Advance payment 


All Products


Customer Line

Ask an expert: Step up soil care when planting in containers

Q: Nothing is growing in my raised beds since I planted starts from in my garden at end the of April. I used these troughs last year with great success. What can I do to boost these sad-looking veggies. – Lane County


A: Growing vegetables in containers is more challenging than gardening in the ground because a container is a closed system. The only soil the plant has to grow in is the soil you provide, and the plant doesn’t have the option of sending roots deeper or spreading further to supplement its diet. If you used these troughs in the same location last year with great success, then you must be providing the right environment with enough light and you have watering under control. The slow start this year could be down to soil care or planting time.

If similar plants were growing in these containers last year, the soil may be depleted in the nutrients they need. Whether you are planting a new bed in the ground or in a container it’s good to add compost and apply a slow-release fertilizer about a month before planting time. This gives the soil organisms time to break down the fertilizer into a form that plants can use. After a season or two you can fertilize at planting time. When planting in containers, you should add fertilizer every two weeks because nutrients are flushed out with watering. Your plants are already in place, so use a complete fertilizer containing nitrogen, phosphorous and potassium (NPK) with numbers like 10-10-10 on the packaging. Worm casting tea or fish fertilizer will also keep your plants healthy. Yellowing leaves can be a sign that your plants are lacking in nitrogen.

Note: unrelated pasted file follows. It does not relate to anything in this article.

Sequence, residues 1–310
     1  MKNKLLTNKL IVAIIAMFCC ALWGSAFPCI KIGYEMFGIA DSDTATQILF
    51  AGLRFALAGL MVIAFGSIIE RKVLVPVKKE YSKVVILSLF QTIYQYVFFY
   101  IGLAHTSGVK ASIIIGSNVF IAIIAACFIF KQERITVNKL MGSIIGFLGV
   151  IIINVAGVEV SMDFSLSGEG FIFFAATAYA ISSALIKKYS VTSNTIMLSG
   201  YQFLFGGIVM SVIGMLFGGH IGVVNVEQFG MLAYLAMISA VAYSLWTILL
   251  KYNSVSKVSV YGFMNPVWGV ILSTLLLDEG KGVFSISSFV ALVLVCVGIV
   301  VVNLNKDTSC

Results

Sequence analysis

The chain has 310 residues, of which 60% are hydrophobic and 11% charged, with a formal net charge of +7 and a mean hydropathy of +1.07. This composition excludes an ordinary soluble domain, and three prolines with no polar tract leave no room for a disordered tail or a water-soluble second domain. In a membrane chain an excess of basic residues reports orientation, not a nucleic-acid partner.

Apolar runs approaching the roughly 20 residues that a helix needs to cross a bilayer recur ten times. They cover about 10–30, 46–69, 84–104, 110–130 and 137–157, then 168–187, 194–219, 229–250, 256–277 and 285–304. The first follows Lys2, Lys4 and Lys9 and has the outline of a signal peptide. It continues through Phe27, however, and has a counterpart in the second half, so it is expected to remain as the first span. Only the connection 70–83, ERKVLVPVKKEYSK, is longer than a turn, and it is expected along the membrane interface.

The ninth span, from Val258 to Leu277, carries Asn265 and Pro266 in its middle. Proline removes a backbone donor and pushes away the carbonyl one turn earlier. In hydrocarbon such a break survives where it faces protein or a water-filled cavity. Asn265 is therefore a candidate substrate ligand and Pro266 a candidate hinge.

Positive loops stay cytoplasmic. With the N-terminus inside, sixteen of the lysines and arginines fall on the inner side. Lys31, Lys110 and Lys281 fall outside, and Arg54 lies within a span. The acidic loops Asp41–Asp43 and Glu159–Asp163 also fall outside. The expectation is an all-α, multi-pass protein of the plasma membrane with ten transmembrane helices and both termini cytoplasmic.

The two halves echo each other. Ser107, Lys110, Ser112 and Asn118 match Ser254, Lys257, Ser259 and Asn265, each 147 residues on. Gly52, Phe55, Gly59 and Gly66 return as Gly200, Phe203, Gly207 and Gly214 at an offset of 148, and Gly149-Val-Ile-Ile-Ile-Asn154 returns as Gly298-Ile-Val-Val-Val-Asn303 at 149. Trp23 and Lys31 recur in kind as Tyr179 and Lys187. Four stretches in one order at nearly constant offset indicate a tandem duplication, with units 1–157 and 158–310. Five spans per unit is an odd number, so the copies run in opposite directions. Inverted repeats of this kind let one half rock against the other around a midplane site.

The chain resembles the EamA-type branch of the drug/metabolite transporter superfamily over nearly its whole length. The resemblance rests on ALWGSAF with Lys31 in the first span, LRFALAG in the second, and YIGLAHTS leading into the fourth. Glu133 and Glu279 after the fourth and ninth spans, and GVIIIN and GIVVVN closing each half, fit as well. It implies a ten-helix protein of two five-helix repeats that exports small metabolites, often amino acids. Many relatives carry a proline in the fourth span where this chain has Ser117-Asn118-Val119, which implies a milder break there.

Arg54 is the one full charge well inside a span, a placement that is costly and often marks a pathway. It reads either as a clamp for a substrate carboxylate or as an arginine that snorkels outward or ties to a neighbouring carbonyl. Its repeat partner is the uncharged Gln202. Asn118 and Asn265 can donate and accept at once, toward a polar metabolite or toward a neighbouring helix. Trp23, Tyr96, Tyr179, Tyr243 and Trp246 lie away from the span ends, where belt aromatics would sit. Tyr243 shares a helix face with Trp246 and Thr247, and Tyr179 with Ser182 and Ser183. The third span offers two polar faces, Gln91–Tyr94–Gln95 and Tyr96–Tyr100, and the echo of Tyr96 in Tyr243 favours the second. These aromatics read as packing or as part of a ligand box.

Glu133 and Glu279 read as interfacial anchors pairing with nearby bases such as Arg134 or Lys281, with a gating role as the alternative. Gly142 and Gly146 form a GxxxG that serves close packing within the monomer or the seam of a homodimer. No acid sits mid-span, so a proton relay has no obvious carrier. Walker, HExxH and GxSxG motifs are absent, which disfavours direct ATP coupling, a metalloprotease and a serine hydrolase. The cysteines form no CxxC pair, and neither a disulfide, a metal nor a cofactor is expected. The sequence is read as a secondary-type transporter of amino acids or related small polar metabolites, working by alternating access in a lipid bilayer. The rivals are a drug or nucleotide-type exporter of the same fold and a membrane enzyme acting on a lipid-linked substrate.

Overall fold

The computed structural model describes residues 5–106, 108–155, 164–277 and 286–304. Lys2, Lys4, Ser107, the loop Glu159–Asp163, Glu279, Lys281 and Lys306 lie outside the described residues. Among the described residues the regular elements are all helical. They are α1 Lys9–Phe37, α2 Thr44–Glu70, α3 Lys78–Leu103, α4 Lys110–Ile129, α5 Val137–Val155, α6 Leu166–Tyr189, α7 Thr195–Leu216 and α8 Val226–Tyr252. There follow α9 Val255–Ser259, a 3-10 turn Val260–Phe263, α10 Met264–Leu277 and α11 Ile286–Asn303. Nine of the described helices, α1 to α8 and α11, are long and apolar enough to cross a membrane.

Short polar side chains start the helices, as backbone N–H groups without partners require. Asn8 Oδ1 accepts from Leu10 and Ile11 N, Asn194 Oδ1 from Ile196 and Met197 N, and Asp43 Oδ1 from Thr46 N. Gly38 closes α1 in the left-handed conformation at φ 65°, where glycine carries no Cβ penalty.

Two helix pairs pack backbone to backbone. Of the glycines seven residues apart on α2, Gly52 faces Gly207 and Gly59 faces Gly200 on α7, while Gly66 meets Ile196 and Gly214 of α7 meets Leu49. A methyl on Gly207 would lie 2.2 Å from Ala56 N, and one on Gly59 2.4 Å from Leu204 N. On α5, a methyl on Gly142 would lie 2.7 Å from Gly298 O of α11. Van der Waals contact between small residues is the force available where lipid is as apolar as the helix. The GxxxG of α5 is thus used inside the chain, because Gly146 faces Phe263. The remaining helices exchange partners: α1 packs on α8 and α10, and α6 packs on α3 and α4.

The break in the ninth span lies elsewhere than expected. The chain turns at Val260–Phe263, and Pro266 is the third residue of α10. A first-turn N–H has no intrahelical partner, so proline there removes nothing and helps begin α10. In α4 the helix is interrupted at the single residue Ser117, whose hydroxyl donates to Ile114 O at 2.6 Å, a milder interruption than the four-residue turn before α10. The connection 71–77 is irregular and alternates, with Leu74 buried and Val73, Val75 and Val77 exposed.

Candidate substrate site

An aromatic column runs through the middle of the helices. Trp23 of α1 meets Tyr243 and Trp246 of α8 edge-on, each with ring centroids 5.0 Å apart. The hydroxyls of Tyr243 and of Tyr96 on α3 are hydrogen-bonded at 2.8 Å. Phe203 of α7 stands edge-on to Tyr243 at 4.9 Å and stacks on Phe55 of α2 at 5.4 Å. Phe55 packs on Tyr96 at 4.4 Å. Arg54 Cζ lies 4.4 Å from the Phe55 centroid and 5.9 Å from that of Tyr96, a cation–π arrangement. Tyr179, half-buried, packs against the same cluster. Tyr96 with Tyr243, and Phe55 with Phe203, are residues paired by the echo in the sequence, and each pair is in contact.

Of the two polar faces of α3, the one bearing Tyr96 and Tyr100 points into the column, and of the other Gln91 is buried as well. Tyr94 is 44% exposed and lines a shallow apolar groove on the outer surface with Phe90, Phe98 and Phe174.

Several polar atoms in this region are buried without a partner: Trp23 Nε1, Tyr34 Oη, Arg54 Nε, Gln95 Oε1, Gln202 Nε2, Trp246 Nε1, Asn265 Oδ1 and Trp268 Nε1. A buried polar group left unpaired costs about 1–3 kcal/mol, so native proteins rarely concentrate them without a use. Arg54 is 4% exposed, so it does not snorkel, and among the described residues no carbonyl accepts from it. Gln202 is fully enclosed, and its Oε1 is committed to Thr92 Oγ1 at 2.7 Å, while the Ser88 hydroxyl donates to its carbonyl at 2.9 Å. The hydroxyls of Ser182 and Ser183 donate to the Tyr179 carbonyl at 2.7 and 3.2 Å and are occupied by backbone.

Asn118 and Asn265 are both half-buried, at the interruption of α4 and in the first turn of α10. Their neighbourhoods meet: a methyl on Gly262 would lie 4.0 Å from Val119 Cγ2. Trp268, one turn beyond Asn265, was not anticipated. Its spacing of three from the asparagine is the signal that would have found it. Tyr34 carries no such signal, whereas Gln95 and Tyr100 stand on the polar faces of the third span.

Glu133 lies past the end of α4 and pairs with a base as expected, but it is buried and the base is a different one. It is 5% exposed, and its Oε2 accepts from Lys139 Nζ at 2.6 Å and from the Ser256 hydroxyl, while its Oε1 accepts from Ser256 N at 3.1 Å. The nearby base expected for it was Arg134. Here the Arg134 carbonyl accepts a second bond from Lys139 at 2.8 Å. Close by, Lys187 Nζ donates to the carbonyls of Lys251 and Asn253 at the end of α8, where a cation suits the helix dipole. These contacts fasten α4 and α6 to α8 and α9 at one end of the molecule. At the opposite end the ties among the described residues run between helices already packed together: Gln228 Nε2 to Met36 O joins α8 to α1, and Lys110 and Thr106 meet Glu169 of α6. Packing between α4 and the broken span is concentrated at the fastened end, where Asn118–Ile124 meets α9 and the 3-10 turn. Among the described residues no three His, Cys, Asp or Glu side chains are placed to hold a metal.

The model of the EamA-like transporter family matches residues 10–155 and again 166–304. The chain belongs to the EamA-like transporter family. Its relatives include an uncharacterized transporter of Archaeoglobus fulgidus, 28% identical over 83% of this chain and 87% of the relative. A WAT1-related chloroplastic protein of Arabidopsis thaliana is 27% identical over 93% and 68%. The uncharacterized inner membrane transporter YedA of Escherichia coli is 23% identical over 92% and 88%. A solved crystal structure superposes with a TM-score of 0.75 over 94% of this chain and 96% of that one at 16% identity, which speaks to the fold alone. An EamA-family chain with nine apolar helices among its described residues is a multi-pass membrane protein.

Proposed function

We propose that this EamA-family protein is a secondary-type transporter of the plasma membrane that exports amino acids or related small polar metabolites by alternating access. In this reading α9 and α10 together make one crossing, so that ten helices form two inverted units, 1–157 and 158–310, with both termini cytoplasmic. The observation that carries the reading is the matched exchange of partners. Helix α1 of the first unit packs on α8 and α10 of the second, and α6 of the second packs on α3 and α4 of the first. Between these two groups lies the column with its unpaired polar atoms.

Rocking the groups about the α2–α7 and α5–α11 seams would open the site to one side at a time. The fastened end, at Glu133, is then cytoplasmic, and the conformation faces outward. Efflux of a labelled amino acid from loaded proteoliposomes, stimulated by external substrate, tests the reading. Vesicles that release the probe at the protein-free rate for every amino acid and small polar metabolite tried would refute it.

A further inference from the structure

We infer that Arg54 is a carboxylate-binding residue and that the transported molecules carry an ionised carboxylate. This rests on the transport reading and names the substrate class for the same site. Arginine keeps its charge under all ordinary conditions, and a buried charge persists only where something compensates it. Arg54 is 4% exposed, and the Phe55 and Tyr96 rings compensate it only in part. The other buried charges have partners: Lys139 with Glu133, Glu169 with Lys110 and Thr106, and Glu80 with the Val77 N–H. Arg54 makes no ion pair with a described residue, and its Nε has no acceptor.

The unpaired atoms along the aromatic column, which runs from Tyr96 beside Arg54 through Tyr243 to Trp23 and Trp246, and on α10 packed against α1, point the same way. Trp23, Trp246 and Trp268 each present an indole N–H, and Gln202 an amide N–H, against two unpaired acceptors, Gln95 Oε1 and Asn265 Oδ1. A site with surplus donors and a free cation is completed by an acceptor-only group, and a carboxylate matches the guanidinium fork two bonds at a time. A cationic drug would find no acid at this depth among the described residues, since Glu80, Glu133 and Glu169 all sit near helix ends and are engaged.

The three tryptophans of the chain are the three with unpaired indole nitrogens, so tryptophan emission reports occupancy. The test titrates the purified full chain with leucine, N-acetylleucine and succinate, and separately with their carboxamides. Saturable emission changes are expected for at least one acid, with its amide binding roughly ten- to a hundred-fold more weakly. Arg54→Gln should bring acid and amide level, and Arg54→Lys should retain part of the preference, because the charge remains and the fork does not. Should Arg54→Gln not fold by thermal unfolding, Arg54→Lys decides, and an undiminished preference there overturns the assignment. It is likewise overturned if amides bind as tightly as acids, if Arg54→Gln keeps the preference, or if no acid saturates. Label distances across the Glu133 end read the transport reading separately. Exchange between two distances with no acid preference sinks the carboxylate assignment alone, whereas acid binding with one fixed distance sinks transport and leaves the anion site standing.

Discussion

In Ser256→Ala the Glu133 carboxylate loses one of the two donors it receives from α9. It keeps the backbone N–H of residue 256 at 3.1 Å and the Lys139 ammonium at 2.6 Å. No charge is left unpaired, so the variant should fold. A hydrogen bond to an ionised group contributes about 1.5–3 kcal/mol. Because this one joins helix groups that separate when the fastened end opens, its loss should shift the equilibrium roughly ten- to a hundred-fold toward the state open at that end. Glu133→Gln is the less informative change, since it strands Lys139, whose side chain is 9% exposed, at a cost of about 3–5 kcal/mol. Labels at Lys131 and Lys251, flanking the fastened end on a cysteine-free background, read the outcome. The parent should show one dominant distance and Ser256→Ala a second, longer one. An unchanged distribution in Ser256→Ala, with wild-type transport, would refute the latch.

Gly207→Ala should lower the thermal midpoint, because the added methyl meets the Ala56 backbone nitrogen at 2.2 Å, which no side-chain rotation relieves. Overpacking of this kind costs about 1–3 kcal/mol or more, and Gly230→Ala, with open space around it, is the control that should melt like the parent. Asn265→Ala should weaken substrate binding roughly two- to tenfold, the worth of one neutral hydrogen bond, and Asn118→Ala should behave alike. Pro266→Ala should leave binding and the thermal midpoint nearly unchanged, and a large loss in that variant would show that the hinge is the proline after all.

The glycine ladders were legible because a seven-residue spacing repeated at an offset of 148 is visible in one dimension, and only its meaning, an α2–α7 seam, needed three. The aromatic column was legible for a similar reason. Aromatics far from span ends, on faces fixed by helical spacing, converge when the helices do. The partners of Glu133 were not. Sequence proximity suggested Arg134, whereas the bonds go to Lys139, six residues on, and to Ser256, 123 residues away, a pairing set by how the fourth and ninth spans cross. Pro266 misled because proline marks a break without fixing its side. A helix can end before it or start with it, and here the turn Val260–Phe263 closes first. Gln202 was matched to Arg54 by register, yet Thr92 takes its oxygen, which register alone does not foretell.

If these vegetable starts were planted out late in April, they may still be suffering some transplant shock and the tomatoes like a soil temperature of 65 F if they are to continue growing without interruption. Often the soil doesn’t warm up enough in Oregon until mid- to late May or even June. There is more useful information in this publication on Vegetable Gardening in Oregon. – Stephen Oldfield, Oregon State University Master Gardener